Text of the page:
She wore her ferocity like armor, and it was purely asexual armor. Liraz was untouchable and untouched. ~Laini Taylor, Days of Blood & Starlight
I’m learning to let go of my shields, to take the armors off (they are too heavy anyways) and march unguarded, if ever the need arises, towards the battlefield in defense of love. ~ Ayokunle Falomo, thread, this wordweaver must!
Pretty armour doesn’t make a warrior. ~Mark Lawrence, Emperor of Thorns
We live in a world that applauds busyness. If we aren’t doing-doing-doing, then we are wasting time, wasting space, wasting our life. Rest is unacceptable. Self-care is considered selfish. Slowing down, or worse, actually stopping, is a clear sign of our laziness.
A truth is if we are overwhelmed with our busyness, there is little to no time, space, or energy for true connection — not with our own Self, not with those we hold most dear, not even truly with our community. The more we are doing the less we are being. The more we are distracted with our long to-do list of task after task after endless task, the less we are questioning why we are allowing ourselves to be so busy, the less we question the status quo, the less we question if there is another way to live, another way to be, a way to actually feel fulfilled, loved, connected.
A way to move beyond our busyness, to find our way to being able to tolerate being present in, and even learn to enjoy, the now, is by coming home to our bodies. When we are able to slow down and calm our sympathetic nervous systems and then move into the work of connecting even more to our bodies, our boundaries, our connection to ground and our own center, we learn to be in the present, we begin to feel the grip of those endless to-do lists loosen and our whole being be able to relax.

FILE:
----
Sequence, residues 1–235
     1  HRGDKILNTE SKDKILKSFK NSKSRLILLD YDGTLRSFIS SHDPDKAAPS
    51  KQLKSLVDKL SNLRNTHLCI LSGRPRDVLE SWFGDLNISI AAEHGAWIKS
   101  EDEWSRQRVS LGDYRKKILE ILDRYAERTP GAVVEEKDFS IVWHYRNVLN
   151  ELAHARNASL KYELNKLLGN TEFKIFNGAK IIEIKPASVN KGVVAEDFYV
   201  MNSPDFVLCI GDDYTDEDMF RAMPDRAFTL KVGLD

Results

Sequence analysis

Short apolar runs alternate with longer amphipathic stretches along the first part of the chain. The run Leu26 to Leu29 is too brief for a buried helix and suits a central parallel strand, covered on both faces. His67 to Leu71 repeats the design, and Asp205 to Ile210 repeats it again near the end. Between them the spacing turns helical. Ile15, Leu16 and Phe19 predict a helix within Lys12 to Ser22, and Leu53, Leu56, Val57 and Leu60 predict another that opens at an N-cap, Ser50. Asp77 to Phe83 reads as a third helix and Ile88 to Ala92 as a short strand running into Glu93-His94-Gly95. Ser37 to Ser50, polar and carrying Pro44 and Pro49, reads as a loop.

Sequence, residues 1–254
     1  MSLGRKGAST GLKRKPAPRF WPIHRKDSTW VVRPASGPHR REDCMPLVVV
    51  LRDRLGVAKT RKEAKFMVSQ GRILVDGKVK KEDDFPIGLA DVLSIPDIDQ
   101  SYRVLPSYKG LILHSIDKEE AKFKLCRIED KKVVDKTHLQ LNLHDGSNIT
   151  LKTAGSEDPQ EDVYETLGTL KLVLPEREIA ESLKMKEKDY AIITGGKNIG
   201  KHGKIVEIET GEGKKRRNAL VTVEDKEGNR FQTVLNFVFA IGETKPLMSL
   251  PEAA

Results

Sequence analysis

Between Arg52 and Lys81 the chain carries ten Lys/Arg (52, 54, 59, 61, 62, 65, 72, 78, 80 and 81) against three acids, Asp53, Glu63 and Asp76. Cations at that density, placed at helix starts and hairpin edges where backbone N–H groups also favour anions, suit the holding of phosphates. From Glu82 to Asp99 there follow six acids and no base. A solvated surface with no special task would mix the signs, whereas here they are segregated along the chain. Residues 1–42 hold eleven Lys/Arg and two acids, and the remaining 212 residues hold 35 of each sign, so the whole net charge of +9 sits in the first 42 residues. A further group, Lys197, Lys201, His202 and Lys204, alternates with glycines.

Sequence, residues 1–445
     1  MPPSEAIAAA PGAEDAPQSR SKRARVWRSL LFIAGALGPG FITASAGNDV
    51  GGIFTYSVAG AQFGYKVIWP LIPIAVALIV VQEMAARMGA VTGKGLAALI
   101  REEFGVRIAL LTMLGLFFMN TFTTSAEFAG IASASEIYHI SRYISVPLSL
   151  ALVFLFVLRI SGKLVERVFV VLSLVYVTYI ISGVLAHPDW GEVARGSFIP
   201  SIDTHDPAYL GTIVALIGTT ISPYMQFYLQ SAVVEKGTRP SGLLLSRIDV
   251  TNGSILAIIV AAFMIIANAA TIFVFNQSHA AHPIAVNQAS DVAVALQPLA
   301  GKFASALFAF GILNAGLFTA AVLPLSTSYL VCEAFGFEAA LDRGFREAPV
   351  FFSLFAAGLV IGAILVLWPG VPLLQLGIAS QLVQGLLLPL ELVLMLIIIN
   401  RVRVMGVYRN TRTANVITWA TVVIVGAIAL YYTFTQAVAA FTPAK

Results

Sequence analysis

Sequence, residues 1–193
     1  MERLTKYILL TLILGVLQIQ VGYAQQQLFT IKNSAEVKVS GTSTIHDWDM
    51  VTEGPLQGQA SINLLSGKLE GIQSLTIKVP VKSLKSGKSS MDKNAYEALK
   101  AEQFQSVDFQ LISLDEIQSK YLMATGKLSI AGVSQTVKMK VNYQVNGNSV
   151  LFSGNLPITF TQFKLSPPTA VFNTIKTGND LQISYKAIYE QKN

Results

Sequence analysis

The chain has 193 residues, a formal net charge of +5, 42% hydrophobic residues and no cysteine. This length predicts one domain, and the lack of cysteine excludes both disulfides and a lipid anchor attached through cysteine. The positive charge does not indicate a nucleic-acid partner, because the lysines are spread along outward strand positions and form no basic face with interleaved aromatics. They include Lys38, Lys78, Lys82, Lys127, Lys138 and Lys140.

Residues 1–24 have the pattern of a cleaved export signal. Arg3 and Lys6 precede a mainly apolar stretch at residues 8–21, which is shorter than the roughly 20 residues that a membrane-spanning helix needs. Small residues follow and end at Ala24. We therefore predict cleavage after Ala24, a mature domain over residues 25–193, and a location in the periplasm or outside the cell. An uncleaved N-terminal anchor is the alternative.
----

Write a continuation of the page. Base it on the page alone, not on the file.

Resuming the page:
This is a process. And there are some little tips and tricks, beyond the nervous system exercises I share in my weekly newsletter and on social media, that I have found helpful, perhaps you will too.
Sticky Notes: Write a single word or phrase on a stickie (or several) and stick it on your bathroom mirror, your refrigerator, your closet door, your window sill, your walls, where ever you like. The more stickies you are willing and able to put up around your home, the better. These are gentle reminders of our intentions, of the ways we want to live. When we walk by them and notice them, we can take a moment to breathe in and exhale and allow that word or phrase to enter into our conscious mind. Also, when we pass by them and don’t consciously notice them, our peripheral vision will see them and send that message into our subconscious (which is where the real work of shifting and change needs to happen).
“Tattoo” your inner forearm: Write a word or phrase on your inner forearm with a marker (trust me, even “permanent” ink washes off relatively easily). This serves the same purpose as the stickies, the difference being it is more of a constant reminder of what we wish to embody.
Window Chalk the Windows: Same as the previous two, but putting these words or phrases on our windows, glass sliding doors, and or mirrors. We can embellish the words or phrases as we like, adding flowers or butterflies or hearts or whatever you like.